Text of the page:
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    “24 EXPOSURES” (Movie Review)

    After his impressive and darkly comic horror debut with a segment of V/H/S, many horror lovers wondered when mumblecore auteur and occasional genre actor Joe Swanberg would tackle feature-length horror filmmaking. With his bent toward atmospheric, character-driven storytelling and associations with genre filmmakers like Adam Wingard and Ti West, it was only a matter of time before Swanberg found a horror story of his own to tell—yet fans of his V/H/S piece may be surprised that Swanberg opted out of startling, high-concept scares for the slow-burning dread of 24 EXPOSURES.

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    “COOTIES” (Sundance Movie Review)

    COOTIES may very well have one of the great opening title sequences. An exhaustive, repulsive and painfully up close document of the process that makes a chicken a chicken nugget, its nature may also very well prime the viewer for something COOTIES doesn’t seem too interested in being outside of the introduction: subversive and gross. And while the film is at points a very funny one, the ever-present reluctance to deliver on true carnage or amplify the bits of satire peppered throughout also make it a lacking one.

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    Notes on “COLD IN JULY” and “THE GUEST” at Sundance

    While “genre-heavy” in lineup, the 2014 Sundance Film Festival is not particularly confined to horror. In fact, a couple of this year’s most highly anticipated films see two of our brightest “new” horror filmmakers transition from one slice of pulp to another, carrying previous themes and aesthetics over to energizing, high quality thrillers that will be of no less interest to their, and our, fans.  Directors Jim Mickle and Adam Wingard, and their respective partners-in-crime (an apt term, here) Nick Damici and Simon Barrett have crafted two synth-driven, colorful, Carpenter font-using pictures that inadvertently turned into a fantastic double feature in Park City.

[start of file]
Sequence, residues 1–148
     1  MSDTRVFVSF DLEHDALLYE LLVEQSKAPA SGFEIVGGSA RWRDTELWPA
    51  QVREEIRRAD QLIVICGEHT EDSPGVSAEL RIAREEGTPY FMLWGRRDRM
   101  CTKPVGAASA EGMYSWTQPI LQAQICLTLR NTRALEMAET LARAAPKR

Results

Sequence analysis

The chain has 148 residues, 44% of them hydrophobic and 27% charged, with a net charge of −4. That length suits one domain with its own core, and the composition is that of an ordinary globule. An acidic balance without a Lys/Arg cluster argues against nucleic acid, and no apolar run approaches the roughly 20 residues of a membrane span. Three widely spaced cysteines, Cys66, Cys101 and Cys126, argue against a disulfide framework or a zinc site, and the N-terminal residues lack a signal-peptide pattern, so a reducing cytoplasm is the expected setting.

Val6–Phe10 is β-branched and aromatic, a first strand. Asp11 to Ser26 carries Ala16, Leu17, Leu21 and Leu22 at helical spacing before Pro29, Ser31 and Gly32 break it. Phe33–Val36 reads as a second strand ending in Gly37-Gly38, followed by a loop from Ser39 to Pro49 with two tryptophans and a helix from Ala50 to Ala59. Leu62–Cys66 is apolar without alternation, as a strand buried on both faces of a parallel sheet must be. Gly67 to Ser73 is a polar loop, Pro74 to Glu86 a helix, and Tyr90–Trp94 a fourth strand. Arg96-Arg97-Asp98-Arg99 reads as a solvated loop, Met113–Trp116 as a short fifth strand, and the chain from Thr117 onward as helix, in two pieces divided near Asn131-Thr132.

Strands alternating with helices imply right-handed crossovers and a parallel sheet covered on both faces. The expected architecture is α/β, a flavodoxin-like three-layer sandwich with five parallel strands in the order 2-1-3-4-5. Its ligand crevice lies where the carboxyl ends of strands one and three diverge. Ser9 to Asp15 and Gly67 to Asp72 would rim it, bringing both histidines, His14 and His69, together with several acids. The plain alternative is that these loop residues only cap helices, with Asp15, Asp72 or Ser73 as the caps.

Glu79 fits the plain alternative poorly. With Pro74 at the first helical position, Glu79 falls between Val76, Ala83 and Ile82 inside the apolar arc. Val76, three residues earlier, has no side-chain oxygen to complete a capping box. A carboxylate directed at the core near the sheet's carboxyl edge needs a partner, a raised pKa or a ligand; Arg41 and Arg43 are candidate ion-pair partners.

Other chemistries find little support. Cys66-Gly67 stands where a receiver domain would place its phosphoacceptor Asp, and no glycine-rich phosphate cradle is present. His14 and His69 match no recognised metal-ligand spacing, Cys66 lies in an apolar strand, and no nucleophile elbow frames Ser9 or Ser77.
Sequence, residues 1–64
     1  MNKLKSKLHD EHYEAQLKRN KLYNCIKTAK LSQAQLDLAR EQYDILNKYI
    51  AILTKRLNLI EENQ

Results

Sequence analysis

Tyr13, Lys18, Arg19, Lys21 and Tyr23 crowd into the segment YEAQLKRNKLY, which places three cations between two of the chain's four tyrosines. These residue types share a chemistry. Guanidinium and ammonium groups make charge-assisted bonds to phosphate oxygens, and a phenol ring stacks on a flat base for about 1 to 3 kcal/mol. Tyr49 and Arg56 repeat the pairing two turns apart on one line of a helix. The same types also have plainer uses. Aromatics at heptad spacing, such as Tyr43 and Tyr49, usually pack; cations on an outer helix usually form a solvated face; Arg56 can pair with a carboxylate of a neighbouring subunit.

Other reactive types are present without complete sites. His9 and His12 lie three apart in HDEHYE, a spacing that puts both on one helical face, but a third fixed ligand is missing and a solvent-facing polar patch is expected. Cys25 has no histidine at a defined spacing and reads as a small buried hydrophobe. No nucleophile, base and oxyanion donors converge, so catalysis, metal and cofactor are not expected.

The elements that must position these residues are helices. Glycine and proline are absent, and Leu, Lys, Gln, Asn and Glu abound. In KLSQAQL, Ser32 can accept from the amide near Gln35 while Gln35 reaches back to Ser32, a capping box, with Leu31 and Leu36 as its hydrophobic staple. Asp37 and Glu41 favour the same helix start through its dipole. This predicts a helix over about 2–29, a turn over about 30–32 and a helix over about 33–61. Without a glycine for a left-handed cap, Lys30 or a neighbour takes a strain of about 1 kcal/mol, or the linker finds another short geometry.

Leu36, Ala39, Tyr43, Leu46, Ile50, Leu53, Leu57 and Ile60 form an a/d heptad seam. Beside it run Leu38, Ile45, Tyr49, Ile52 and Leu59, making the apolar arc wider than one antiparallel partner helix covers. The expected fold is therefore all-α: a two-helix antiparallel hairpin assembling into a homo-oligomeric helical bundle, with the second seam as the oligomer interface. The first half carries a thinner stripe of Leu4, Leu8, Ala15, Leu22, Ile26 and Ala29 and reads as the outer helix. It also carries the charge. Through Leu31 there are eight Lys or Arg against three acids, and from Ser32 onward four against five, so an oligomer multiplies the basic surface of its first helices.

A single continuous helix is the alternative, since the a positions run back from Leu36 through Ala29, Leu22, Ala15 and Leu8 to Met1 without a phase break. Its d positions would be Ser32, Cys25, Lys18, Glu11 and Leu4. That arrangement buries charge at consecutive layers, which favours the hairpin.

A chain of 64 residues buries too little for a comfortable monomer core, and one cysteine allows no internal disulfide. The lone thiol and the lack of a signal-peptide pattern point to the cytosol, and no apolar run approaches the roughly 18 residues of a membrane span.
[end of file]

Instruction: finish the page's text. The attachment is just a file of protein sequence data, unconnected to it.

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    “THE BABADOOK” (Sundance Movie Review)

    THE BABADOOK is absolutely fraught from its arresting opening sequence, in which single mother Amelia recalls, in nightmare, the car accident that took her husband Oskar away. The only thing that eventually pulls her from the aggressive dreamscape is an unrelenting shout from her son Samuel, who in turn was pulled out of Amelia on that very tragic day. More than an introduction to the stylish, aurally assaulting and often tremendous feature debut from Jennifer Kent, THE BABADOOK’s beginning serves to reveal that Oskar’s demise is still very much at the forefront of Amelia’s mind, with Samuel’s distant cries for help not a close second. Her son’s very existence comes with baggage, and as soon as the audience is hip to such, we’re primed for Kent’s exploring of how to reconcile the natural sentiment of sometimes just not liking your kid.

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    Q&A: Allison Miller on Her Satanic Pregnancy in “DEVIL’S DUE”